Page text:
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  • Writer's pictureJack Salvadori

Cannes #75- "Triangle of Sadness"

Updated: Feb 8, 2023

It started with a spheric avalanche rolling into a square, and finally culminating with a triangle.

We’re talking about Ruben Östlund’s geometric trilogy, in which the Swedish director attempts to satirically confront modern taboos and masculinity. The 2017 Palme d’Or winner, whose style is characterised by exploring and mercilessly exploiting the awkward energy of the unconscious behaviours that surround us, has now premiered his first English-speaking work: Triangle of Sadness. A triangle that, with its three chapters, has very sharp corners.

Why is a man expected to pay for dinner in the age of equality? And when do the archetypal gender roles still apply? The first chapter focuses on these questions, interrogating the relationship of a couple of influencers dining at a fancy restaurant. And just like in a horror movie, we can’t help but curiously stare at this unfolding dilemma, cringing in our seats, looking for answers that we don’t dare to find. The couple then treats themselves to a cruise in a luxurious yacht, surrounded by elitist billionaires and trophy wives. Here, the social caste system is most apparent, with the guests being revered as deities (a jar of Nutella can be helicoptered on demand), the white crew of waiters rewarded with generous tips, and the Hispanic attendants and cleaners, invisible to all, at the bottom of the chain. Disruption comes in the shape of Woody Harrelson, who, as the Marxist captain of the ship, struggles to tolerate the wealthy’s attitudes and hypocrisy, and prefers to lock himself in his chamber getting drunk and listening to The Internationale. And with a toast to love and hand grenades, excess begins to take over, and champagne merges with vomit and shit. Sublimely shot, the film finds its beauty and elegance even when showing things which are genuinely repulsive.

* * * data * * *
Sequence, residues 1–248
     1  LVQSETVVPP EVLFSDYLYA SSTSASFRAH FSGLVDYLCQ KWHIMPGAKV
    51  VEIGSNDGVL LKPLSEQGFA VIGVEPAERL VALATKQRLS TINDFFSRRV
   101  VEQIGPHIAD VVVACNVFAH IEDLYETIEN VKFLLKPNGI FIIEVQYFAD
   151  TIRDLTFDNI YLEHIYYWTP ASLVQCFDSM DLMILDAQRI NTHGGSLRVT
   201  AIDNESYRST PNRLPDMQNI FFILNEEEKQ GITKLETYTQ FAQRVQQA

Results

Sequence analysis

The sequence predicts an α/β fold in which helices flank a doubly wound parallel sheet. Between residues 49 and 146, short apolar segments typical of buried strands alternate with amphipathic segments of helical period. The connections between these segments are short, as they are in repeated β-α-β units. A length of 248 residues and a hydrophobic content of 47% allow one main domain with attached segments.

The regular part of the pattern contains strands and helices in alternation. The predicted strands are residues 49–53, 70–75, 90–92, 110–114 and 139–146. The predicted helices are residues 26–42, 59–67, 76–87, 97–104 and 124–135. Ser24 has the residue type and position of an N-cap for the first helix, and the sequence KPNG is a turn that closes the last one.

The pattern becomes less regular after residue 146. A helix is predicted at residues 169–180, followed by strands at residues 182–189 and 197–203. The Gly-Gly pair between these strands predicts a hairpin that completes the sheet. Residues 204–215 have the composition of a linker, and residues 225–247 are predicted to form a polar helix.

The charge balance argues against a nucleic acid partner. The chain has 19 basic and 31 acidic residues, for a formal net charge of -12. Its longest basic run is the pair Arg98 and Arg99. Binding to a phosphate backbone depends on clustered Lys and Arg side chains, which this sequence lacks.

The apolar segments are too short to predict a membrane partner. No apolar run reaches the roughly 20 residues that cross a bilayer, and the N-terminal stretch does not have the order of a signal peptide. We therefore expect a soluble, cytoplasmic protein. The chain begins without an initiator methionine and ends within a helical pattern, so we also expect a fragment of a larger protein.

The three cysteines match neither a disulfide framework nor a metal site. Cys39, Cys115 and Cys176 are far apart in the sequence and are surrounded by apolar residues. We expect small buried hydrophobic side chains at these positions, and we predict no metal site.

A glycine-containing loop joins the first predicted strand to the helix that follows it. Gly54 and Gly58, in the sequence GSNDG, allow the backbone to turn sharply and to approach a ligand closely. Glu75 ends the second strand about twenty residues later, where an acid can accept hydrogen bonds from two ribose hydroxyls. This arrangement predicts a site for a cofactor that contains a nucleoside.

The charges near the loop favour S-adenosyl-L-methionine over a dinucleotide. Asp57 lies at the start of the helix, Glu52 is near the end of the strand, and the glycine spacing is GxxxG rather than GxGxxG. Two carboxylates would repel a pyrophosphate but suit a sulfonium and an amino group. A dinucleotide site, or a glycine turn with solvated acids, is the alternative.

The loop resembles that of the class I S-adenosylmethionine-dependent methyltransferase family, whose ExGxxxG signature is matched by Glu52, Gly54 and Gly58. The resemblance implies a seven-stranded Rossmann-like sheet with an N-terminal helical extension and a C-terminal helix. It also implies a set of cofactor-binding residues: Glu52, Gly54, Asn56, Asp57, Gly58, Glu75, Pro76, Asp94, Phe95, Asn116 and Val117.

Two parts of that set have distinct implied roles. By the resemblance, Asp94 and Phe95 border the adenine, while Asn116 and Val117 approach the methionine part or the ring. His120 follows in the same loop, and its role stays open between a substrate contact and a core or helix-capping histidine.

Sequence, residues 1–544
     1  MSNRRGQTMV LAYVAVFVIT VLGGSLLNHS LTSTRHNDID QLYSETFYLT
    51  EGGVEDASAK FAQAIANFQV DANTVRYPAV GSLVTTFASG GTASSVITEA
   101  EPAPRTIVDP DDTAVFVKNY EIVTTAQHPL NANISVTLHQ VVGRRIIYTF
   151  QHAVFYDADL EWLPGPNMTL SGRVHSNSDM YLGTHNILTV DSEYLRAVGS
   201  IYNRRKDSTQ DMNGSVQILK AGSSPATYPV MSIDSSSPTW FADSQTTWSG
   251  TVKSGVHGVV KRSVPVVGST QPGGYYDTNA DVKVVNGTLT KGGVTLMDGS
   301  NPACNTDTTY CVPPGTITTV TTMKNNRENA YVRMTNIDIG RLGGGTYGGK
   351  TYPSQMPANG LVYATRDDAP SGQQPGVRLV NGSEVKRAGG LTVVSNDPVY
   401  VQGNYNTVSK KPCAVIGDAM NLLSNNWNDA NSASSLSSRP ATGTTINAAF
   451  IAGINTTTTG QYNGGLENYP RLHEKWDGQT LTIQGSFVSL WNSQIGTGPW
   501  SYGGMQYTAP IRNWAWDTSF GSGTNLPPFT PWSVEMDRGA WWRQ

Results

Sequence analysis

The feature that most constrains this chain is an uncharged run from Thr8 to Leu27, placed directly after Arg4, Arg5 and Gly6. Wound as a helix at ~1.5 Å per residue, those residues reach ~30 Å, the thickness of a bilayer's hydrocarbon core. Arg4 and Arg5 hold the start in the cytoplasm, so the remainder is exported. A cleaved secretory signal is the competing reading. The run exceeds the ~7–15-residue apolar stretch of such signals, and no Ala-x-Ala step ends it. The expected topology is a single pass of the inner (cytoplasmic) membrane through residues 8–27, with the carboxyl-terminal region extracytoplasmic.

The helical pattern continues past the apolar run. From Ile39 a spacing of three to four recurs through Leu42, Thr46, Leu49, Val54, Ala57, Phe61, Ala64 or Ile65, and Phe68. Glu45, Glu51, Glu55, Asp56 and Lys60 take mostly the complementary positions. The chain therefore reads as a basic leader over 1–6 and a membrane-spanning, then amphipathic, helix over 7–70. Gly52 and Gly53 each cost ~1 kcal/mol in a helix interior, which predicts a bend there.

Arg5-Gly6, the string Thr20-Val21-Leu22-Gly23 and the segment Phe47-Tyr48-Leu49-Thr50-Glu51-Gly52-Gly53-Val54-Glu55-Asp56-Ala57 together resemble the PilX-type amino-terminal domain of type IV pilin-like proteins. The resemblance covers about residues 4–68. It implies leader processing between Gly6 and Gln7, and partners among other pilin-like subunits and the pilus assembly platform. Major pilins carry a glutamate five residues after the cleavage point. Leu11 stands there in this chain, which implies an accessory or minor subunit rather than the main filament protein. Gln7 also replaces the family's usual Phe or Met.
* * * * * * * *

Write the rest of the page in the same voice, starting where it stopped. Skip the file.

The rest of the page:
Just like the protagonists, the third chapter drifts away. Power corrupts all, and even after a switch of control the abusive dynamics keep repeating themselves. On an deserted island where a Rolex is worthless and pretzel sticks become the currency, those in charge still manage to exploit their dependents. And it is right here that we find the essence of Östlund’s satire. This is a funnier and lighter film than his previous works, less poignant and more detached from reality. But one thing is for sure, with this Titanic-esque film, Östlund proves he is unhinged and ready to show whatever he wants.


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